Dealing with thinning hair?
Women tend to shy away from discussing hair thinning and loss, but the problem is more common than you’d think.
Tue, Mar 06 2012 at 2:08 PM
Photo: Getty Images
In an age where Botox derms and Brazilian waxers are readily discussed, there are few beauty taboos left.
While it certainly seems like we’ve seen it all (hello Kardashian bikini line!), one thing that’s still swept under the rug, er, so to speak? “Hair loss in women is different because unlike men, women aren’t expected to go bald,” explains Robert Bernstein, M.D., founder of the prestigious Bernstein Medical Center for Hair Restoration in New York City.
But while the stigma associated with female hair thinning and loss makes the subject feel taboo, it’s an extremely common complaint. “There’s a misconception that hair loss in women is rare,” Bernstein continues. Truth is, 30 percent of women will experience some form of thinning, whether they’re dishing about it on Facebook or not.
Compounding the issue? “For women, the underlying causes can be a more complicated issue,” he says. Your scalp contains about 100,000 hairs, and you generally lose roughly 100 of them each day. But what’s normal, and what’s not? Here’s what’s really going on, and what you can do about it.
Let’s face it: When it comes to physical changes, hair thinning is alarming, and hair loss? Well, that’s just downright devastating. It’s said to be one of the most personally distressing side effects of chemotherapy, and anyone who’s lost a clump of hair can relate to the accompanying feeling of shock and powerlessness.
Psychologically, it’s a world apart from other so-called beauty “problems” like peeling nails or even breakouts, but just like wrinkles, hair simply tends to thin with age. Another common complaint is that the hair seems to simply stop growing, which is totally related. “It can also just be growing slower because [with age], the growth cycles become shorter,” says Dr. Bernstein.
Here’s the deal: Experts call age-onset thinning “miniaturization,” which refers to a progressive decrease of the hair shaft’s diameter and length. This happens at least in part because of androgens like dihydrotestosterone (or DHT), a derivative of the male hormone testosterone that causes hair follicles to literally shrink in diameter. This type of hair thinning is referred to as androgenic alopecia, and it occurs in an equal pattern all over the scalp. And if this sounds bad, consider yourselves lucky ladies, because for men (and some women), this condition usually manifests as more distinct patterns or “patches” of baldness, which tends to be way more noticeable.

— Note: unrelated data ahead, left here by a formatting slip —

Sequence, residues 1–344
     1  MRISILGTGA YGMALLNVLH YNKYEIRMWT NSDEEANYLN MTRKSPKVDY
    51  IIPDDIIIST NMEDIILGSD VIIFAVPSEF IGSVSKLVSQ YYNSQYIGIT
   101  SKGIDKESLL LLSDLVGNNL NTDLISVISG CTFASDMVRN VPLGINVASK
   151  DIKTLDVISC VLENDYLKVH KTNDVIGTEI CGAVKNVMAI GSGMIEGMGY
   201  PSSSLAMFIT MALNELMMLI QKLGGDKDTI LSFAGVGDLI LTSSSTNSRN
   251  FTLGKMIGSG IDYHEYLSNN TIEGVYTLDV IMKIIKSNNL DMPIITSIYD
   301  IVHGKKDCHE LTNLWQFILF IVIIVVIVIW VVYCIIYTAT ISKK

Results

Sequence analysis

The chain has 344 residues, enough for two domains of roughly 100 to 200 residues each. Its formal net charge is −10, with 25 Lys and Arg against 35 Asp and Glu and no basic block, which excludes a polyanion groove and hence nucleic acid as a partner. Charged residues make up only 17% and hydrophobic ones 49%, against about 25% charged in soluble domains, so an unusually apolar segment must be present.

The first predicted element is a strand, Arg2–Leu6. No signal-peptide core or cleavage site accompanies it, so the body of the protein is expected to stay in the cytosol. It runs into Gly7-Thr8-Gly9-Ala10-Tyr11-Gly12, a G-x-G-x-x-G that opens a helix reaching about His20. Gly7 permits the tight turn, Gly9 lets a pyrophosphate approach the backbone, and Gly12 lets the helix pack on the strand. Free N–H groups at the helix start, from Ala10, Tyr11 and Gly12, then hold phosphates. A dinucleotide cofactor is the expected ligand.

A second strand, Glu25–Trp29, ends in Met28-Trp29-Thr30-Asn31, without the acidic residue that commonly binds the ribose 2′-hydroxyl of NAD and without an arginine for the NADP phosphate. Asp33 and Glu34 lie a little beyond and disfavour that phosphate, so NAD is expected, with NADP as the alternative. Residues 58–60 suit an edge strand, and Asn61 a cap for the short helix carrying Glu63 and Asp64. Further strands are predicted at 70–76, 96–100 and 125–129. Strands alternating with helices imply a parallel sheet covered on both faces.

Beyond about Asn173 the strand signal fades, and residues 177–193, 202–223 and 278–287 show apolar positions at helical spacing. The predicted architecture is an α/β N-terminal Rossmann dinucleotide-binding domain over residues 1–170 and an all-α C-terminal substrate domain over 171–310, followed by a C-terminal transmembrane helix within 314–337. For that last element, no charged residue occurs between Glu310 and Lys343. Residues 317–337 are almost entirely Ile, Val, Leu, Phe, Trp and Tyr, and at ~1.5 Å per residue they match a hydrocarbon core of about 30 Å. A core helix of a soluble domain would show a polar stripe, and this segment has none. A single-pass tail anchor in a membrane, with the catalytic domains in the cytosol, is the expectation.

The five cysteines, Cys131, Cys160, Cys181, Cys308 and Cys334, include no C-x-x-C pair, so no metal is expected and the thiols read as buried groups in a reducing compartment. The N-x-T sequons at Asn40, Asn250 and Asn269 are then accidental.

This hormonal connection is also one way that thinning hair can be more complicated to diagnose in women. Pregnancy, ovarian cysts, medications, emotional or physical shock, and birth control pills can affect hormone levels. “With women, there can be underlying causes,” says Bernstein. “You have to check for medical problems. For example, polycystic ovarian disease can exacerbate androgens and manifest as thinning, in which case you could treat the condition with an androgen blocker like spironolactone.”
Heredity also plays a role in hair thinning and loss for both sexes. Ever heard the idea that if baldness runs in the men on your mothers’ side, a male spawn is likely to go bald too? Here’s a surprising update on that old wives’ tale: Dr. Bernstein asserts that baldness on either side of family can be indicative for genetic hair loss whether you’re a male or a female.
If you’ve ever noticed an alarming amount of hair— we’re talking about clumps— in your drain or on a hairbrush, think back a few months. That’s because this type of loss, called telogen effluvium, is caused when a trauma triggers the hair in growing phase to shift to shedding phase, usually about six weeks to three months after the event. A “trauma” can be defined as a major surgery, childbirth, or yes, a total stress freakout. While there are cases of this being a chronic disorder, luckily, the shedding phase is usually reversible.